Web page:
As we move further into the 21st century, the products we use become more technologically advanced. In just one short decade, for instance, people shifted from using the indestructible, brick-like Nokia to the more sophisticated, touchscreen smartphone. Plus, the industry that ships these products has kept up with the times, too. Shipping, for instance, has advanced to the point where people can order from online catalogues and opt for same-day delivery.
And with the further rise of automation and artificial intelligence (AI), these innovations are appearing more rapidly than ever before. So with that in mind, here are 4 technologies changing the face of the freight industry for the better, and helping it on the road to being worth $12.97 billion by 2027.
Management systems with enhanced accuracy
Quite logically, customer feedback is more positive when customers are kept up-to-date on exactly where their packages are. But today’s advanced tracking systems can benefit freight companies, too.
With modern GPS technology providing pinpoint accuracy, tracking systems keep teams updated on the location of a package or shipment at any point in the supply chain — all in real-time. By doing so, supply chain managers can spot and act on inefficiencies almost immediately, increasing productivity and improving the customer experience.
However, current GPS tech can do more than just track shipments. It can help with transporting them, too. Since the freight industry operates in many controllable environments, like shipyards, they’ve been leading the rest of the world in testing out autonomous vehicles.
Out of these, self-driving trucks are the most advanced. While the truck’s GPS ensures it stays on course, a mix of cameras, radar, and LiDAR (light detection and ranging) technology helps it “sense” its surroundings and avoid collisions. These devices use multiple PCB grids or printed circuit board layers, to support their complex functions, which include relying on the Internet of Things (IoT) to exchange information with one another. In using a multi-board PCB design, numerous circuit boards are assembled and connected together inside one shared housing. This multi-layered approach creates a more comprehensive, durable, and space-efficient machine. As a bonus, the added thickness of these PCBs helps protect their more sensitive components, so they rarely short-circuit.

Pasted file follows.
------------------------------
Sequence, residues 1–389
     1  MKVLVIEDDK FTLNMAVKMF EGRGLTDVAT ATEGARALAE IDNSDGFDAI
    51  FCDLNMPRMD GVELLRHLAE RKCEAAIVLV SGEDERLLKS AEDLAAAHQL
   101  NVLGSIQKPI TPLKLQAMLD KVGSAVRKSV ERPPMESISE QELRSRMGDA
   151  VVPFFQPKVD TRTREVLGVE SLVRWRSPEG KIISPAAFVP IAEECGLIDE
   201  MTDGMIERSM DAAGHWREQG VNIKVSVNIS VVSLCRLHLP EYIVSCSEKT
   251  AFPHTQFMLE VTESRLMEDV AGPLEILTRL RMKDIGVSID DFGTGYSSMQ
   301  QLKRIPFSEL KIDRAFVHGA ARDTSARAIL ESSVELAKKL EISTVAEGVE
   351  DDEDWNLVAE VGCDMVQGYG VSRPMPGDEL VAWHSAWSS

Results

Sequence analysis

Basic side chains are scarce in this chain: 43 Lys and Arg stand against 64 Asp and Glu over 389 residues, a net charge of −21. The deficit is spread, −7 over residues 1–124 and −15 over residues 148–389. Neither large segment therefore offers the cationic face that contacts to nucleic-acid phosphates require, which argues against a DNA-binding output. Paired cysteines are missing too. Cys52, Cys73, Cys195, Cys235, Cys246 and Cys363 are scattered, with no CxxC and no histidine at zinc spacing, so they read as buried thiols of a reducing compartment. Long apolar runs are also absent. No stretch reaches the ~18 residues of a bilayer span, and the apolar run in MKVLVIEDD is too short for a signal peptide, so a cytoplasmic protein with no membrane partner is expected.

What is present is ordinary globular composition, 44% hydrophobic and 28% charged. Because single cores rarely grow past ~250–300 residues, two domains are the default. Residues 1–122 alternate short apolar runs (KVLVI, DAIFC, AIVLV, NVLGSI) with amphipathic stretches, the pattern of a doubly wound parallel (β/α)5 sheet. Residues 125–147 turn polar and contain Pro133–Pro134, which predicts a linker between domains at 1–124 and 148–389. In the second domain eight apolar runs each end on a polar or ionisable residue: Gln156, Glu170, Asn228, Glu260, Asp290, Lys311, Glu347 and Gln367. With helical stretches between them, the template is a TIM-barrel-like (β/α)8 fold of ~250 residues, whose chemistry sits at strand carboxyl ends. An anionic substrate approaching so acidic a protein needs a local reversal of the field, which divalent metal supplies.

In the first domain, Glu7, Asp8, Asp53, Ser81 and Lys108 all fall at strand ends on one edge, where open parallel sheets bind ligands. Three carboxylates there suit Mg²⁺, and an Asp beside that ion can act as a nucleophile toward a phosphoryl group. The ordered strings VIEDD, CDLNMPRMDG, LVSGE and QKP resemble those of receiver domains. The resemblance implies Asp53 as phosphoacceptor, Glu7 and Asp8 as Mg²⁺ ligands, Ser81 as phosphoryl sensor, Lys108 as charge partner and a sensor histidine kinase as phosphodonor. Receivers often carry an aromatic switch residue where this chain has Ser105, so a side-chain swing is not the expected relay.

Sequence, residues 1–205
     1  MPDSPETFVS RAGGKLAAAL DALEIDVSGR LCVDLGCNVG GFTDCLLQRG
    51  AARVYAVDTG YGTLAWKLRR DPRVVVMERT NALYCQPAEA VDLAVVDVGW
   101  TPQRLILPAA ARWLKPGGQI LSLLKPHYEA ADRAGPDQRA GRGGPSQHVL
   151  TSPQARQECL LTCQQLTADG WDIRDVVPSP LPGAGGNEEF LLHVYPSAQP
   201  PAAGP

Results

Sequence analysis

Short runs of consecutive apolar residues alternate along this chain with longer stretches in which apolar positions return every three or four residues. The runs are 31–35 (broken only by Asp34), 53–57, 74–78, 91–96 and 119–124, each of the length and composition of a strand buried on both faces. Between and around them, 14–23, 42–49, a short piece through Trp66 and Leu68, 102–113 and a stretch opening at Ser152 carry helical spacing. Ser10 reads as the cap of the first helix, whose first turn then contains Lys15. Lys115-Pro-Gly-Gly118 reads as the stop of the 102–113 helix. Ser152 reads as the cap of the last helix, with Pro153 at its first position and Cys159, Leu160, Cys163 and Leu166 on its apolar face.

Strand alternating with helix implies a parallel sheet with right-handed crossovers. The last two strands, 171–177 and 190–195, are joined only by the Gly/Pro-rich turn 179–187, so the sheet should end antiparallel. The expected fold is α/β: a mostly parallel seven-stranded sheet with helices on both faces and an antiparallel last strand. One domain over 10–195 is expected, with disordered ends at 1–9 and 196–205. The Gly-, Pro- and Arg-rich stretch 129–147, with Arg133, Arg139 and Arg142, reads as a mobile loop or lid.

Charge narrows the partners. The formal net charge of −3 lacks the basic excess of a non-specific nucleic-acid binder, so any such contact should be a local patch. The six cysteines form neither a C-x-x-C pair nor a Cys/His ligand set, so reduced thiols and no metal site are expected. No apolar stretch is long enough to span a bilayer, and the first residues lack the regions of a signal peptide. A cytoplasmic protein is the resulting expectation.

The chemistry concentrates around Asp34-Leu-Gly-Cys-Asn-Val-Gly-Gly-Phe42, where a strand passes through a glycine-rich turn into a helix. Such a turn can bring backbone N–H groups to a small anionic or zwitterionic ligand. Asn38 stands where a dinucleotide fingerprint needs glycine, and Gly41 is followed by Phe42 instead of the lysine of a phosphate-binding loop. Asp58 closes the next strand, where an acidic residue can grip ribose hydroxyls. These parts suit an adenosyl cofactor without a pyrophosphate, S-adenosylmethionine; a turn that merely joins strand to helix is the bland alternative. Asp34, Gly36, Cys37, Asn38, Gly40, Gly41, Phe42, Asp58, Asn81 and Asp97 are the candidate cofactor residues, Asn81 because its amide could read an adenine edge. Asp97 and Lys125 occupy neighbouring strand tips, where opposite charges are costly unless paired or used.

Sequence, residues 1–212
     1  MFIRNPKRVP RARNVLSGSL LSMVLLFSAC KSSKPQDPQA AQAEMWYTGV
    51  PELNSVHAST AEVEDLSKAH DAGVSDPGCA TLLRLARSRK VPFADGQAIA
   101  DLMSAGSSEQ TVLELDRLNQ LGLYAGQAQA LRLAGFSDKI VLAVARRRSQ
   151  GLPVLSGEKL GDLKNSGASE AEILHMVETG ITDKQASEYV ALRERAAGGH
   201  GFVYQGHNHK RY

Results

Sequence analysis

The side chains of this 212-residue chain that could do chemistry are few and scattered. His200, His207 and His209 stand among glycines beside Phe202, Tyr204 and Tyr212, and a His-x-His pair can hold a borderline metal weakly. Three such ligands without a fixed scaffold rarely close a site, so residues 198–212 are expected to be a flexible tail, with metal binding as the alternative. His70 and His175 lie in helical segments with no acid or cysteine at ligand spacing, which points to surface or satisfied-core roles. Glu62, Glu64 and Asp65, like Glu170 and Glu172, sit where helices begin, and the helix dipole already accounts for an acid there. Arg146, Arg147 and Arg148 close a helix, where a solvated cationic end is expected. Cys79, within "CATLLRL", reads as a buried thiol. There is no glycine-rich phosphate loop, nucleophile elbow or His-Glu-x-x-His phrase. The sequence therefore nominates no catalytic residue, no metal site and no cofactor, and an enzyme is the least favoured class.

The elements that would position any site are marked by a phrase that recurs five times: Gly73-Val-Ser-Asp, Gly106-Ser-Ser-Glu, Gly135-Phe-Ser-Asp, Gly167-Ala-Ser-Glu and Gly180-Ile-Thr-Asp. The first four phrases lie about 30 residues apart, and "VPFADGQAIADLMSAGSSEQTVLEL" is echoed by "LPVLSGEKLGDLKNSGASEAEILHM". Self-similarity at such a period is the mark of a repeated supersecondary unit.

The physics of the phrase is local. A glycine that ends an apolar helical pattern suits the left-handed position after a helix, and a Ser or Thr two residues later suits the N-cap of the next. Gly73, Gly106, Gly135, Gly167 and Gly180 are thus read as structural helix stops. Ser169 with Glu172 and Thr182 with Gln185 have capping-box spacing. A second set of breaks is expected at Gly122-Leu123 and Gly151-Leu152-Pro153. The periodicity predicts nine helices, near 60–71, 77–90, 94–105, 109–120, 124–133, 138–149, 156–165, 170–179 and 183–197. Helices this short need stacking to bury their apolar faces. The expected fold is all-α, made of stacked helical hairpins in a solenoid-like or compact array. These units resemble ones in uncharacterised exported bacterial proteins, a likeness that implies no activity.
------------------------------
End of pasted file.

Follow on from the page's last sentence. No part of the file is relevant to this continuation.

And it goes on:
But vehicle autonomy extends to drones, too. Though the tiny devices are commonly used for aerial photography and videography, more and more logistics companies are adapting them to deliver individual packages, especially in congested urban areas. In fact, the market for these drones is expected to reach $39 billion by 2030.
More automated processes
Meanwhile, automation can now be applied in almost all parts of the supply chain. When combined with AI — and, more specifically, machine learning — software can learn from collected data to increase efficiency and even find ways to cut down on costs. And one way freight companies have been automating tasks is with the help of robots.
With their ability to multitask, robots are nearly indispensable. The articulate robot, for instance, which is the robot arm that most commonly comes to mind when one visualizes a modern factory, can do everything from assembly to packaging. In fact, Amazon’s Kiva robots take 15 minutes to accomplish tasks that usually take people over an hour to do, and the company’s purchase of the machines even spurred what Bloomberg dubbed a “robot arms race” across multiple companies.
If you’re in the freight industry, don’t fret: Robots and AI won’t be phasing out the human aspect completely. In fact, today’s wearable technology helps augment worker capabilities instead of replacing them, and related innovations are well on their way to becoming a standard in the industry.
Digital eyewear, for one, can help workers perform more freely. With augmented reality (AR), glasses or lenses keep pertinent information in an employee’s line of sight, eliminating the need to carry around various documents or other paraphernalia.
Even scanners worn as rings can relieve weary workers from having to carry around a traditional scanner all day. And wearables will only improve over time, meaning that, along with all the other innovations on this list, this technology is here to stay — and grow.
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